Dystopian Fascination

Months ago, I made a confession in this newsletter. Today, I’ve got another one: I devour apocalypse media. Any TV show with a dystopic, grayish filter over landscapes of destruction – that is my kind of entertainment. I like to be unsettled. 

I especially enjoy a dystopian theme that brings climate change into the equation. Forget a pandemic (although I have my theories about the probability of the end of times and some contagious virus): I want a natural disaster. Give me that out-of-season flooding, that raging wildfire. I need to believe in what I’m seeing. 

Two of my most pivotal childhood memories come in the form of a book and a movie: the first, titled Life As We Knew It, by Susan Beth Pfeffer, involves an asteroid that strikes the moon and changes life on earth, as we know it. Tides change, volcanoes erupt, plants no longer grow and people die. I am still shaken to my core by the premise of this book, which, while Googling it, I am just now learning is the first of a four-part series. Catch me sprinting to my local library to reserve the next three books. 

The second, a movie, is called The Day After Tomorrow. Embarrassing, but I must be honest with you: this movie, starring Dennis Quaid and Jake Gyllenhaal, may have changed the chemistry of my brain when I watched it in my eighth grade science class.

Quaid’s character, whose name I refuse to look up, became an instant role model for my thirteen-year-old self. The man is a climate scientist, and a good one at that. His character predicts exactly what’s going to happen to planet Earth if we continue on our carbon-consuming trajectory, and guess what? His prediction is right, and comes to fruition just days after he presents it to the world’s leaders (fictional, of course). 

This movie has some of the least realistic situations you could ever imagine, even given the shocking circumstances real-life climate change causes. In The Day After Tomorrow, New York City freezes over in approximately one day, if memory serves. Some other wild and improbable stuff happens (forgive me, it’s been 11 years), but truly, the movie’s message that we’re all doomed if we don’t do something about climate change really resonated with my teenage self.

Often, there is rural representation in this apocalypse media, but it’s not usually very favorable. The people who survive, at least for a while, are the ones many miles from cities who were already self-sustaining, off-the-grid and prepared with years’ worth of canned foods. They also tend to suffer from some sort of dramatized paranoia.

But is this “prepper” stereotype  the rural reality? For most, the answer is no. 

Rural communities are often the most vulnerable in the face of climate change, according to the U.S. Environmental Protection Agency. Jobs that exist primarily in rural settings like agriculture and outdoor recreation see the effects of climate change first, and those jobs disappear or change drastically as extreme weather conditions transform those industries. Communities in the wildland urban interface – when residential homes and businesses are built adjacent to brushy or forested areas – are at a higher risk of wildfire. And rural people suffering from climate-related health issues, like asthma from low air quality or heat stroke from hotter temperatures, are less likely to have access to healthcare because of the decline of rural hospitals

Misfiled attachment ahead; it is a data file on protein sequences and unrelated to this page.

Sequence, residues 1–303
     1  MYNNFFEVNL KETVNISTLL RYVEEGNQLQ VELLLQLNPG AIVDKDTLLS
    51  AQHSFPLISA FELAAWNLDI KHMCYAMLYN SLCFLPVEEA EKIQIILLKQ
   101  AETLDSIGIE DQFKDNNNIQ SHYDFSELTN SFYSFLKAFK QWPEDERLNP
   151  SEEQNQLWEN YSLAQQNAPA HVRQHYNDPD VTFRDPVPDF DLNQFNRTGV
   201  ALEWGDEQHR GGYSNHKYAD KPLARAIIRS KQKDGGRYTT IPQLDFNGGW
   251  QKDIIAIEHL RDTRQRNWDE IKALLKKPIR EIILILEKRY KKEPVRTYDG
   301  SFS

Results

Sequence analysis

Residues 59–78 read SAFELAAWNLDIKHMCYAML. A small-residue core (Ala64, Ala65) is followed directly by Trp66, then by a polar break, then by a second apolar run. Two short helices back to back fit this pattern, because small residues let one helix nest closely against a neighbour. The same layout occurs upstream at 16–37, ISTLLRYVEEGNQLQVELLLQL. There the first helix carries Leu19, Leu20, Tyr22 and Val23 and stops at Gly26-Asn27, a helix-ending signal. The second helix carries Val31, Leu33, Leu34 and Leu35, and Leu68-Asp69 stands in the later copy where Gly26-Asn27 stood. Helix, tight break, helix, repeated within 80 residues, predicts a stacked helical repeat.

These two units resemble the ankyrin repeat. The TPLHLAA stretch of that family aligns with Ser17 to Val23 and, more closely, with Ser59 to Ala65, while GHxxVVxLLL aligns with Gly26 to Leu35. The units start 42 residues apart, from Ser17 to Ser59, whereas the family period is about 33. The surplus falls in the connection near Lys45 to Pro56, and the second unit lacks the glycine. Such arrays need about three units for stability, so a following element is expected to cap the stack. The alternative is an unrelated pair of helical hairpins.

These are just a few of the problems rural communities face, but you never see them represented in the apocalypse media I love to consume. Instead, the struggles rural places are already facing as they reckon with extreme flooding, or wildfire, or receding coastlines, are an afterthought or never mentioned at all as time after time we focus on how cities grapple with disaster. 

These big city stories are important, but small towns are in desperate need of their fair share.

Rural Reading List

Commentary: Addressing Rural America’s Veterinarian Shortage

Large animal veterinarians are often the first line of defense in keeping a nation’s food supply safe, yet there’s a shortage of veterinarians in rural America.

Study: Rural Healthcare Access Lacking for Minority Populations

Rural healthcare access is lacking for Black, Indigenous, and People of Color (BIPOC) communities, according to a report from the Rural and Minority Health Research Center.

Is There a Better Way to Deal With Wild Cattle?

The federal government created an uproar by slaughtering New Mexico’s “feral” cattle via helicopter. Ranchers and animal advocates aren’t happy, but disagree on the best path forward.

One More Thing: A Media Update, and a Reelection Campaign 

The past two days have been big for breaking news. Today’s news is that President Biden has officially announced he’s running for reelection in 2024. Yesterday, the headlines were that Tucker Carlson and Don Lemon were fired from Fox News and CNN, respectively.

Related to headlines and the organizations they come from, our country is now on track to lose a third of all its newspapers by 2025, according to Northwestern University’s Local News Initiative. Of the more than 360 newspapers shuttered between 2019 and 2022, all but 24 were weeklies distributed to communities with populations of a few hundred to several thousand. Is it any wonder that rural areas have been hard hit by misinformation proliferated by cable and internet news?

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